Over the last year, apparel retailers have attempted to reduce excess stock that had accumulated as a result of a change in customer demand from discretionary items like garments to essentials.
However, with fourth-quarter temperatures predicted to begin warm, according to weather tracking firm Weather Trends International, businesses stocking winter clothing and gear may find themselves overstocked by the end of the season.
H&M’s luxury brand Cos has begun to offer a 20% off discount for knitwear and winter goods, including merino wool sweaters and long puffer coats, both online and in stores. H&M CEO Helena Helmersson told Reuters on Wednesday that buyers are delaying purchases of “heavy” seasonal products because the weather is warmer than usual.
Pepco Group (PCOP.WA), a European corporation, also remarked that the arrival of its autumn and winter clothing inventory coincided with sustained record-warm weather in its main Central and Eastern European markets.
“When it’s 26 degrees (Celsius, 79 F) you don’t tend to sell coats,” Pepco’s executive chairman, Andy Bond, said on a conference call with analysts on Thursday.
In recent years, the so-called holiday shopping season has begun as early as October, with many businesses offering deals and discounts throughout the month and into December. Amazon.com (AMZN.O) will hold a second Prime Day on October 10-11, while Best Buy (BBY.N) will hold a 48-hour flash sale on October 10-11 and Target (TGT.N) will have a “Deal of the Day” program beginning in October.
Temperatures in the United States could rise by 2 to 12 degrees Fahrenheit on average between October and December compared to last year, according to Weather Trends International.
“The month from Black Friday to Christmas is much warmer than a year ago, which will result in more excess inventory and steeper markdowns,” said Bill Kirk, CEO and founder of Weather Trends International.
This is likely to hurt merchants ranging from Walmart (WMT.N) to Dick’s Sporting Goods (DKS.N), but it could benefit Costco Wholesale (COST.O) and off-price sellers like TJX (TJX.N), which are more likely to source products locally and can react to seasonal changes sooner.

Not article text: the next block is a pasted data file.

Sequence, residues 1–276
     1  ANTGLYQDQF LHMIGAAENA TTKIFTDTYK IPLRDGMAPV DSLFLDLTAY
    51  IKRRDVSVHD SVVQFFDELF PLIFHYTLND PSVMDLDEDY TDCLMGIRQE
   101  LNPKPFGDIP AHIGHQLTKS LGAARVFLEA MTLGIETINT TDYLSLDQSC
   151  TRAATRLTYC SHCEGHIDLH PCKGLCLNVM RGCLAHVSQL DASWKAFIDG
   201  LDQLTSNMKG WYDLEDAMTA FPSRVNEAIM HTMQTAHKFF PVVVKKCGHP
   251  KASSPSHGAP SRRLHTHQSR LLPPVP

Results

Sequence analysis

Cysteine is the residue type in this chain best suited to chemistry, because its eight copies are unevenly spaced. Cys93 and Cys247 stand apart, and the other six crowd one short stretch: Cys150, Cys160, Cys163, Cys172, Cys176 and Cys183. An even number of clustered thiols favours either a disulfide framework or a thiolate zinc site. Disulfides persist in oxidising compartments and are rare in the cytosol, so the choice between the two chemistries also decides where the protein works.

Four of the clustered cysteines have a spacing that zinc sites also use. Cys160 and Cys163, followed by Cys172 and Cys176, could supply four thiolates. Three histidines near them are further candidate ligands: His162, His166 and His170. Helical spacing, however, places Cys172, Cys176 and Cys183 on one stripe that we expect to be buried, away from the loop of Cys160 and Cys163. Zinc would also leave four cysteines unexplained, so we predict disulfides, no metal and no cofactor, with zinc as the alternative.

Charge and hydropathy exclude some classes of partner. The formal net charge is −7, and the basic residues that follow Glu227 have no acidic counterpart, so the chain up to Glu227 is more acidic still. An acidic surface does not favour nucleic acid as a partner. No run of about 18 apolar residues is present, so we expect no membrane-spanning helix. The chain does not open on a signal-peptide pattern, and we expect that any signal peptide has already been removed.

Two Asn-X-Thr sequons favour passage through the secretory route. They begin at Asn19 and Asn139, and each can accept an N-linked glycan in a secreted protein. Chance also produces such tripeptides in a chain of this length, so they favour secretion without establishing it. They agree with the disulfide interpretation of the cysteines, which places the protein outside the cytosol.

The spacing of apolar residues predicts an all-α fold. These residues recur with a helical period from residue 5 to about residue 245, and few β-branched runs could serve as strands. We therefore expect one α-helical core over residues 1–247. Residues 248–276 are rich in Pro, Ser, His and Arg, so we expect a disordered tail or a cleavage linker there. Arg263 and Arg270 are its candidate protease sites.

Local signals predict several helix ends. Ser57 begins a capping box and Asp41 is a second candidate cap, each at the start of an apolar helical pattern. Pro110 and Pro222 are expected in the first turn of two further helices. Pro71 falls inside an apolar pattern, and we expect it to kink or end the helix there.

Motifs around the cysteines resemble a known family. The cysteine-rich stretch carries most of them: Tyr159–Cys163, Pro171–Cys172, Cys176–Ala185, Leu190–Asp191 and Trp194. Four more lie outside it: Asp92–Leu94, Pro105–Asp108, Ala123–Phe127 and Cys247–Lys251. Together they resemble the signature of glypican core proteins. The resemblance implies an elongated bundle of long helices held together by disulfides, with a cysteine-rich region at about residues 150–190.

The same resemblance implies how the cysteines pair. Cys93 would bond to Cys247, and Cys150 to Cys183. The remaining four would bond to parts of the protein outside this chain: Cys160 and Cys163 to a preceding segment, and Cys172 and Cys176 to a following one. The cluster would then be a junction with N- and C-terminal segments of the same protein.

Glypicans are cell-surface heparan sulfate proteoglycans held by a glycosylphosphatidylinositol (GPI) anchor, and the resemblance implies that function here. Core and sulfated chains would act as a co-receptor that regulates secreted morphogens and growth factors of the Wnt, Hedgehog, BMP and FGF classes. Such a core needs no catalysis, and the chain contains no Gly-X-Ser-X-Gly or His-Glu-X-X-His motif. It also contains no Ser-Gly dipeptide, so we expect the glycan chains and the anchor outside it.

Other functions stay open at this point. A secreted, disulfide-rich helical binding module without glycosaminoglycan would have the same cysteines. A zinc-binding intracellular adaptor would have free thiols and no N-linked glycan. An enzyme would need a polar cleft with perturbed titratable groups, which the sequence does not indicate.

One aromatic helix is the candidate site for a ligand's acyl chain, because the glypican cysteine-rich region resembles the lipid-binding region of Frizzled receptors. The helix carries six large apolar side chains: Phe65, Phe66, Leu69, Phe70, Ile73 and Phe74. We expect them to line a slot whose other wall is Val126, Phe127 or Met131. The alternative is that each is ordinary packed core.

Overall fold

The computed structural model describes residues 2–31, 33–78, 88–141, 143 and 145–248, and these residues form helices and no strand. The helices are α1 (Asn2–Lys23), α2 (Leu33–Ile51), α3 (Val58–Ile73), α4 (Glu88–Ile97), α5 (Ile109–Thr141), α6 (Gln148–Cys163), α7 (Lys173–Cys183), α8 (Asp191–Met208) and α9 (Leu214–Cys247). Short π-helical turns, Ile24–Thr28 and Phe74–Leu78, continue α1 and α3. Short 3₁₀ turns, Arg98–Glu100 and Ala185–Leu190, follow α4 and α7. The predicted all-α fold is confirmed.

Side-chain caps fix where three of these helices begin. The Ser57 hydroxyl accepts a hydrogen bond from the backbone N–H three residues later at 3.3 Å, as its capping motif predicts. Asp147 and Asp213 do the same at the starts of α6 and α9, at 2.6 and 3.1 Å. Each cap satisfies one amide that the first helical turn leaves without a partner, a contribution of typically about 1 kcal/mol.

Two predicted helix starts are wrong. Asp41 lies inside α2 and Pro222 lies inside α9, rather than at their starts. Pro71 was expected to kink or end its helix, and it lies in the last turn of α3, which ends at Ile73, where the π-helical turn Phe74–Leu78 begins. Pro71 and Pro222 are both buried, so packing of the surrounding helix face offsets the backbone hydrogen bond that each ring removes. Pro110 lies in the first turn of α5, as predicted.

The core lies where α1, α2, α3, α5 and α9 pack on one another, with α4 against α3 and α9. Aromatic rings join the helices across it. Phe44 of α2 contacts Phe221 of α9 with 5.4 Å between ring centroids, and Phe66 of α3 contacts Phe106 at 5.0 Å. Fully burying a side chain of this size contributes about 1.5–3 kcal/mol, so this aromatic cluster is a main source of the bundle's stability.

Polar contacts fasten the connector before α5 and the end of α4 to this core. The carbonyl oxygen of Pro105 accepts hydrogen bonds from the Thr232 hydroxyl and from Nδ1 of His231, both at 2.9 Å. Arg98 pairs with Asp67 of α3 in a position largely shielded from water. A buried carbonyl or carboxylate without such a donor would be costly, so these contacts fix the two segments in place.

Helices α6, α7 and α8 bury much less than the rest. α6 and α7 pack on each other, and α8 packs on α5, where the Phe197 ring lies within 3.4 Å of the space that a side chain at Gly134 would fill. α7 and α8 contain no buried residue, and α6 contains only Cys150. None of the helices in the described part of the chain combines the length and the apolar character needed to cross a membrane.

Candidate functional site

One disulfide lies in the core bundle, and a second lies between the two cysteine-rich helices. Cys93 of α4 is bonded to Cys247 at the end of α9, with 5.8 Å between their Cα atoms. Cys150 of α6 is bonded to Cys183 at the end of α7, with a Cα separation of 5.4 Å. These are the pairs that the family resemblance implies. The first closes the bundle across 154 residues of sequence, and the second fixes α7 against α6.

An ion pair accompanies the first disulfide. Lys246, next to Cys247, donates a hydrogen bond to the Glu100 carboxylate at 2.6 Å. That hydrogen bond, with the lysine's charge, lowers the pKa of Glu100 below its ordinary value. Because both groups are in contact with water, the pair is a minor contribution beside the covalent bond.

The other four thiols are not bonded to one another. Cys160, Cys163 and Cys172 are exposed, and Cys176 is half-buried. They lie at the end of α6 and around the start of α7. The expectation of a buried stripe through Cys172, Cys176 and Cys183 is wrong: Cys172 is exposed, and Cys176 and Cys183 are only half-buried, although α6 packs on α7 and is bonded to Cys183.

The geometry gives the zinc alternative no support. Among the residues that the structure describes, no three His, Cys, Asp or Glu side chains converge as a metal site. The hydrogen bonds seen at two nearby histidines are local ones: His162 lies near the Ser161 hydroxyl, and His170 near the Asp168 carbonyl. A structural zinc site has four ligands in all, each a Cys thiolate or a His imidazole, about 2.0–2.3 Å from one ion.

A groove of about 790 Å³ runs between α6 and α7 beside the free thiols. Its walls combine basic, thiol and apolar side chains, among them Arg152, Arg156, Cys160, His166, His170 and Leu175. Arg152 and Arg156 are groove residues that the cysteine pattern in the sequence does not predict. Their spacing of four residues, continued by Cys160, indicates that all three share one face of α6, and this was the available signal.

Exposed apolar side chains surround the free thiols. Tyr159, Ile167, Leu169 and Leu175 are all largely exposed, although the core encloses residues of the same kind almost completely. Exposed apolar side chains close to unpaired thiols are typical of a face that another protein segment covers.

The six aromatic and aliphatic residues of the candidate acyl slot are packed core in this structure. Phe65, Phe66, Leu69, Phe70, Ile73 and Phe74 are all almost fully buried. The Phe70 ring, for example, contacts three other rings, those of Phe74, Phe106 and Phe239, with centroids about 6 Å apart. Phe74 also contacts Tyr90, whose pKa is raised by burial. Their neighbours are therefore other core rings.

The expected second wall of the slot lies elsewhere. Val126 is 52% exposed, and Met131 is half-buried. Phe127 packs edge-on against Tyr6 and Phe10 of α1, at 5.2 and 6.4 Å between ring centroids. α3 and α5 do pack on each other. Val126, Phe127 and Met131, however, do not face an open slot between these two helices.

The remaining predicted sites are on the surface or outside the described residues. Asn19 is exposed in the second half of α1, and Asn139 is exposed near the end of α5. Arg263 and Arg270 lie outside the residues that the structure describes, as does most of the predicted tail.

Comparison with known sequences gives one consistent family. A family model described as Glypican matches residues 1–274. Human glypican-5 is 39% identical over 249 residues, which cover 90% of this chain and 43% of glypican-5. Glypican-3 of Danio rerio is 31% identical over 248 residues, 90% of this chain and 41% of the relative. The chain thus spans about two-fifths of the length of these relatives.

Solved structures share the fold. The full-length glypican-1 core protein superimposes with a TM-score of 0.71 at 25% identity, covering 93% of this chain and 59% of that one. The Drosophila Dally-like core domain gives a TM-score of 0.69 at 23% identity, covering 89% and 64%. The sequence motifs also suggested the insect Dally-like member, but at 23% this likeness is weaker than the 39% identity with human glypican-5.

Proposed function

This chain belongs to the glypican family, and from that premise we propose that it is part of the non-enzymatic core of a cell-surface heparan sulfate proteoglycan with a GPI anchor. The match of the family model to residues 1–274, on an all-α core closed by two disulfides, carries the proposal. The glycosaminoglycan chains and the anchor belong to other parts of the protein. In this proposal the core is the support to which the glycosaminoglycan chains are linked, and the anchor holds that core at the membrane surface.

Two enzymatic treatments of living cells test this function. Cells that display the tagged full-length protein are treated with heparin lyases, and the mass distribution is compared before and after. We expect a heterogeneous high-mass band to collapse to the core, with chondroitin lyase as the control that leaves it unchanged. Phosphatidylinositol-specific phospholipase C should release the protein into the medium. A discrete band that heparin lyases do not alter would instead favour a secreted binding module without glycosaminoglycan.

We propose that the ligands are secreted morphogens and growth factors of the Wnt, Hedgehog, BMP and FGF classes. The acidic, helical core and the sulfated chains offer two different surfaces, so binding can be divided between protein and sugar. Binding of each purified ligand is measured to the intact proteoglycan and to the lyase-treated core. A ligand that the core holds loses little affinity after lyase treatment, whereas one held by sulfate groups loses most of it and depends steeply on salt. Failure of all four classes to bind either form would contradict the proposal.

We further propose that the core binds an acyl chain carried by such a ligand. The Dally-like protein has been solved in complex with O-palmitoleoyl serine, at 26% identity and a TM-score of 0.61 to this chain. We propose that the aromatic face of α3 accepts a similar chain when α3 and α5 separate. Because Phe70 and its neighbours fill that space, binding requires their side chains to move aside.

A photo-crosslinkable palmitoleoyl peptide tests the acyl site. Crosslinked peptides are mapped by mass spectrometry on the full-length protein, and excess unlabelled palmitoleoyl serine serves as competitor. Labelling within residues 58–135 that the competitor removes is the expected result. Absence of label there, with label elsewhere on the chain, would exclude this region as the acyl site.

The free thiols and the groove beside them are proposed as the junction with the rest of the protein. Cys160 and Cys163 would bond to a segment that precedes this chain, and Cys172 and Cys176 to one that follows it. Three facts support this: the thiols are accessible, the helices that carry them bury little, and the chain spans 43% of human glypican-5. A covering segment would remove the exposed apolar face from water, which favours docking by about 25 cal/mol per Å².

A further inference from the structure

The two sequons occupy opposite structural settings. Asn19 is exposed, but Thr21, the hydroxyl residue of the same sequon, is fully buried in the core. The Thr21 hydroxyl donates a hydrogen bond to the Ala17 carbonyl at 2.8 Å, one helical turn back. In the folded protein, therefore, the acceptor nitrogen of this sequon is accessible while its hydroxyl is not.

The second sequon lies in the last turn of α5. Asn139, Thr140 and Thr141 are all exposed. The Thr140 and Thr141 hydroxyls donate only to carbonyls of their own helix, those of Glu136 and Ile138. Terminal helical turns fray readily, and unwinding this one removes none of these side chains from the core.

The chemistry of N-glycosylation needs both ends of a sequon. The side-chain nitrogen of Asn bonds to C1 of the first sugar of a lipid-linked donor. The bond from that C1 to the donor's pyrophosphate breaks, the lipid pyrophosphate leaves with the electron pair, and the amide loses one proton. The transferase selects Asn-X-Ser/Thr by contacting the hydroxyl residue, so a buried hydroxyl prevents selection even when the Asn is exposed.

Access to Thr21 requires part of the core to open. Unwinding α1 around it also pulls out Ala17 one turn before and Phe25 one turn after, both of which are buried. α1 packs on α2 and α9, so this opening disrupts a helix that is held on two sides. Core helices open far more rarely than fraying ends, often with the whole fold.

“If winter clothing doesn’t sell well, that would be a problem for the industry this holiday season and if that turns out to be the case, then we may see a lot of discounting of that merchandise in the early part of 2024,” David Swartz, an analyst at Morningstar Research, said.
Unfavorable weather is frequently a huge issue for retailers because they place orders and ship merchandise for critical seasons far in advance to ensure that there are enough products on the shelves to fulfill client demand.
“The issue with most large volume retailers is that 75% to 85% of their manufacturing is dependent upon a very long development cycle … so once heat or cold begins to affect the overall buying trends they would have already committed on those orders,” said Robert Woods, the founder of Vision Brands USA.
In an interview with Reuters, Kristen D’Arcy, chief marketing officer of apparel store True Religion, said, “What has been a pleasant surprise is continuing to see the short-sleeve T-shirts and the shorts continue to sell really well as a result of the warm weather.”
“Our deepest buys for the season are not in outerwear, which would be the heavy jackets for the very, very cold weather but … in active, which are lighter-weight tops and bottoms, denim of all different varieties … then lighter-weight knits.”
Abercrombie & Fitch (ANF.N) also reported significant demand for “seasonless products” in the second quarter, especially in the men’s category, as buyers choose year-round clothing items and styles.
When merchants try to stock seasonally suitable clothes, but it does not sell, storing such products becomes costly.
According to Simon Wolfson, CEO of British clothing retailer Next (NXT.L), “the difference that weather will make in December will be greater than the difference in how the consumer’s feeling.”